It shouldn’t be like that but, having lived in the US for almost fifteen years, I know that too often a foreign accent is a handicap.

When I arrived to the Midwest to do my graduate degree in English at one of the state universities, I asked my linguistic professor how I could get rid of my Israeli accent. He wasn’t optimistic. I wanted to know if a strong accent indicated a lack of musical talent, and answered that based on what he had read it was a matter of personal identity. There were some people, he called them the Chamaeleon type, who could speak with almost no trace of a foreign accent. He felt that  subconsciously I  probably didn’t want to lose my Israeli identity. This explanation was reassuring, it was a relief to hear that it wasn’t my fault. I am not sure if this is still a valid theory, but I am not going to look for conflicting evidence.

As a person with a foreign accent I was often  treated with superiority, some people doubted my intelligence even if this attitude was camouflaged with politeness. In the small town where we lived there weren’t many  foreigners, and  since I fit the Caucasian square on official forms, people just didn’t expect me to open my mouth and speak with a foreign accent. It usually threw them off and then came the question: “I  beg your pardon?”  Normally once I had repeated the sentence, the next comment was: “what a cute accent, where are you from?”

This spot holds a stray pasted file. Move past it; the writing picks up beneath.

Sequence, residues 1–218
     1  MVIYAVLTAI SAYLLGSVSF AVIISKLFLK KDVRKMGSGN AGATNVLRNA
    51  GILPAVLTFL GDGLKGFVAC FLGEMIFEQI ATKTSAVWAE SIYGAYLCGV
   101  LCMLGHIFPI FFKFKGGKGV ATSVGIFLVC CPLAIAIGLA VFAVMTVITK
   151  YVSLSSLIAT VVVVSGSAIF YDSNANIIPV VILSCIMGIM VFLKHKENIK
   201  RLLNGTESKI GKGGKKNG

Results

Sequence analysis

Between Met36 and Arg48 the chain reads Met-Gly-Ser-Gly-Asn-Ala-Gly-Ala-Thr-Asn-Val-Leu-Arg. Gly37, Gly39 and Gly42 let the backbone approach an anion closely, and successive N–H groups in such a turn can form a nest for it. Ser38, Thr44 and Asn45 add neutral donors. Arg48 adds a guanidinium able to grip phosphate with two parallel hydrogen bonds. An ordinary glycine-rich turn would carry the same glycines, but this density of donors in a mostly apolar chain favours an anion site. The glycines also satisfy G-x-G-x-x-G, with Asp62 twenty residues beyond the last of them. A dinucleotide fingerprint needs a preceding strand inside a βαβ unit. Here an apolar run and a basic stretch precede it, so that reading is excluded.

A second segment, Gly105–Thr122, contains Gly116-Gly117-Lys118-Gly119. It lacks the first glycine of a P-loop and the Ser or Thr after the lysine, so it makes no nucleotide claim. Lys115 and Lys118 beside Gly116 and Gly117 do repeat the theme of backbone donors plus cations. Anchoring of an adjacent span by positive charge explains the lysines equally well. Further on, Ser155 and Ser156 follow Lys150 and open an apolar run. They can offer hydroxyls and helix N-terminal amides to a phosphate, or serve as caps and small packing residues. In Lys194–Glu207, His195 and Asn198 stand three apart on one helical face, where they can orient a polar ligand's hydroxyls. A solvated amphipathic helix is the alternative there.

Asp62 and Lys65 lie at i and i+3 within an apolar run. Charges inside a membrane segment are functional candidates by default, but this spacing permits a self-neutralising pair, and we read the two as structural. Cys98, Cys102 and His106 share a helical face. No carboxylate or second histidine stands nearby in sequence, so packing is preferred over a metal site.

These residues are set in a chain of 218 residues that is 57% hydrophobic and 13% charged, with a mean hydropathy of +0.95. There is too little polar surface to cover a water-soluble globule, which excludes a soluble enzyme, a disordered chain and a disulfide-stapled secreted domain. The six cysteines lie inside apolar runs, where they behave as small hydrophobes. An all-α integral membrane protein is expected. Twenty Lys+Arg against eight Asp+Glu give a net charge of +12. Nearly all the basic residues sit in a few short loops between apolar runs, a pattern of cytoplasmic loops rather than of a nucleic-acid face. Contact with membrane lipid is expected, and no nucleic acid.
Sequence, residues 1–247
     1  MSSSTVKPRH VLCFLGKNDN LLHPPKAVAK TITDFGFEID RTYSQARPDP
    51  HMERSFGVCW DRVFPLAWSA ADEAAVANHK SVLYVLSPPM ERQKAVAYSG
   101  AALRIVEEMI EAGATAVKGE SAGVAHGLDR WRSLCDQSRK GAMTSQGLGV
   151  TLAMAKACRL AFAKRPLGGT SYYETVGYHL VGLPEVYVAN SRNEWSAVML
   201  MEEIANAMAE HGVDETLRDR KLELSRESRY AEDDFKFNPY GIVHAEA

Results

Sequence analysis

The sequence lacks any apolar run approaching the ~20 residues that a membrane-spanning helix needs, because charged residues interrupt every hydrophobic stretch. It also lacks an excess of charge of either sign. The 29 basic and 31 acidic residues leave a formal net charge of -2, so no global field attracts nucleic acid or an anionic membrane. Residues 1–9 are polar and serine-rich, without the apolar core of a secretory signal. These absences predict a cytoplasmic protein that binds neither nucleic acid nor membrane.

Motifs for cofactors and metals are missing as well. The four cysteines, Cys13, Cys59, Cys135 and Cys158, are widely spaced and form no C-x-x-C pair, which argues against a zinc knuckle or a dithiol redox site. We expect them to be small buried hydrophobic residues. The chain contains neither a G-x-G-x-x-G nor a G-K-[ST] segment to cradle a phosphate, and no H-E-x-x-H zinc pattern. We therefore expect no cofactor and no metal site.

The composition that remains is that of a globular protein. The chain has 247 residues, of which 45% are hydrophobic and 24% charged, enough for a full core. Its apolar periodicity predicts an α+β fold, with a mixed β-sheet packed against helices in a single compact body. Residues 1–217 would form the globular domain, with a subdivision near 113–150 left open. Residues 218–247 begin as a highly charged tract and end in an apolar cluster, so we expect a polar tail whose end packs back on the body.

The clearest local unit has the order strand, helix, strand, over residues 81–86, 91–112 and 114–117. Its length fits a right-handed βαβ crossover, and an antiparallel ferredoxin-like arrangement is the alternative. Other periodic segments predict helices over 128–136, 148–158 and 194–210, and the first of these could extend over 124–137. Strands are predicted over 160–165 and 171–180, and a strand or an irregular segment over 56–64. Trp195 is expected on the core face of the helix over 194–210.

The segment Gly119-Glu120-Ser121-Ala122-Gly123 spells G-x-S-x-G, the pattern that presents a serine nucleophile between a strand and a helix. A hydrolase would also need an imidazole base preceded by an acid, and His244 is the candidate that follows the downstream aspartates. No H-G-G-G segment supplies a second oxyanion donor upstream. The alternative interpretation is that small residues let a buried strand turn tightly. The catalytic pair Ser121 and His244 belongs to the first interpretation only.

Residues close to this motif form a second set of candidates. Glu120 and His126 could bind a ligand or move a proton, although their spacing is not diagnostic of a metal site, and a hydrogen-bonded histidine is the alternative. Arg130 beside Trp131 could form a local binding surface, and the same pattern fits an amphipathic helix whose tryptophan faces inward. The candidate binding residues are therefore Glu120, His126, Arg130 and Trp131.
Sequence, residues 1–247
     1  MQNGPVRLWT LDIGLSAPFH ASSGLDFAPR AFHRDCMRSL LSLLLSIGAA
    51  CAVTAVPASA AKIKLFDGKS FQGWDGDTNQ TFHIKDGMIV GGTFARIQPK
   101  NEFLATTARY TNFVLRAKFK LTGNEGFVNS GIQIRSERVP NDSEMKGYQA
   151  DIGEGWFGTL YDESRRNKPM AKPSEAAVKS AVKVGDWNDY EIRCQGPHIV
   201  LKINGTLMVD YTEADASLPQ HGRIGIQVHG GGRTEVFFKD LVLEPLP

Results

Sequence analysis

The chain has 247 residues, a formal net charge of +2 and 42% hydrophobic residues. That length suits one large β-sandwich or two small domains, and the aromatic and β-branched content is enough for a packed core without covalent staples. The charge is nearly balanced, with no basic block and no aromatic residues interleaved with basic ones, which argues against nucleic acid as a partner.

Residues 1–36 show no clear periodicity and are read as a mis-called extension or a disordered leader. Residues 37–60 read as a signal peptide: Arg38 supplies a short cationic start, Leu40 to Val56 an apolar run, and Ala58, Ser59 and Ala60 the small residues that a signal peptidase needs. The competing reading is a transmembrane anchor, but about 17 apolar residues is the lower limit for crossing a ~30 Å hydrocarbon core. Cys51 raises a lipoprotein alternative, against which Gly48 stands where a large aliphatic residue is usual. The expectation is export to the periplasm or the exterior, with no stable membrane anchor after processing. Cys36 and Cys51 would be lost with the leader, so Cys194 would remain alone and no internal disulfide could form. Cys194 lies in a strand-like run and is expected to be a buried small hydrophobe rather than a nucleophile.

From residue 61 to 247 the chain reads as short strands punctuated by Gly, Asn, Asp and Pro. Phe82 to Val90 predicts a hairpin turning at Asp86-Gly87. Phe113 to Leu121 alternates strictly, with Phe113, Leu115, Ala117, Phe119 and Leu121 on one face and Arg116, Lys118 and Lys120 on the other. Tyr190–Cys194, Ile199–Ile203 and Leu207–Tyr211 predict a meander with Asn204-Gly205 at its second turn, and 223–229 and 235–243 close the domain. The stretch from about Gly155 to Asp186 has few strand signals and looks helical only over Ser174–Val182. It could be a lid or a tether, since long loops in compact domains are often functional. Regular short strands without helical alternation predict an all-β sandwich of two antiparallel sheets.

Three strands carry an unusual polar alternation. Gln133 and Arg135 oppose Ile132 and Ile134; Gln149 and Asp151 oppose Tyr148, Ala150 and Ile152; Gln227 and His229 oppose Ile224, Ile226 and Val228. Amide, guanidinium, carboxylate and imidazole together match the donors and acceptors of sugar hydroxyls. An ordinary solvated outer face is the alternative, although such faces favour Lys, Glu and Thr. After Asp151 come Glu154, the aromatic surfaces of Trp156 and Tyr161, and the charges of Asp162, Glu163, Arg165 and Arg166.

I never thought of my accent as “cute,” it was who I was. In the US it was also the only conspicuous sign of my foreignness, because otherwise I “could pass.” It went with me everywhere: to the grocery store, to the gas station, to my girls’ school, to work etc. Some people even talked to me in a slow loud voice as though my accent made me hard of hearing

I cannot recall a single phone conversation during which I wasn’t asked “I beg your pardon?” I had to make my point clearly and concisely as the phone operators were often impatient. But still talking on the phone had always been easier than the initial face to face interaction, since on the phone people only heard my voice and they were able to concentrate on the content of my words.

Unfortunately there were also some people  who were  suspicious of people with a foreign accent,  or strangers as the sociologist Georg Simmel calls them. He defines “‘stranger’ as a person who comes today and stays tomorrow, whose position in a group is determined, essentially, by the fact that he has not belonged to it from the beginning, that he imports qualities into it which do not and cannot stem from the group itself.”

In this definition Simmel shows the connection between the position of the stranger in the group and the fact that he hasn’t belonged to it from the beginning. Those were key factors in our decision to go back to Israel after many years in the US.

This morning, after being away from Israel for several months,  I spent several hours on the phone trying  (without success) to reinstate my internet. Conversing with unhelpful telephone operators, I was thankful for one thing, I didn’t hear the words  “I beg your pardon”  even once. It’s good to be home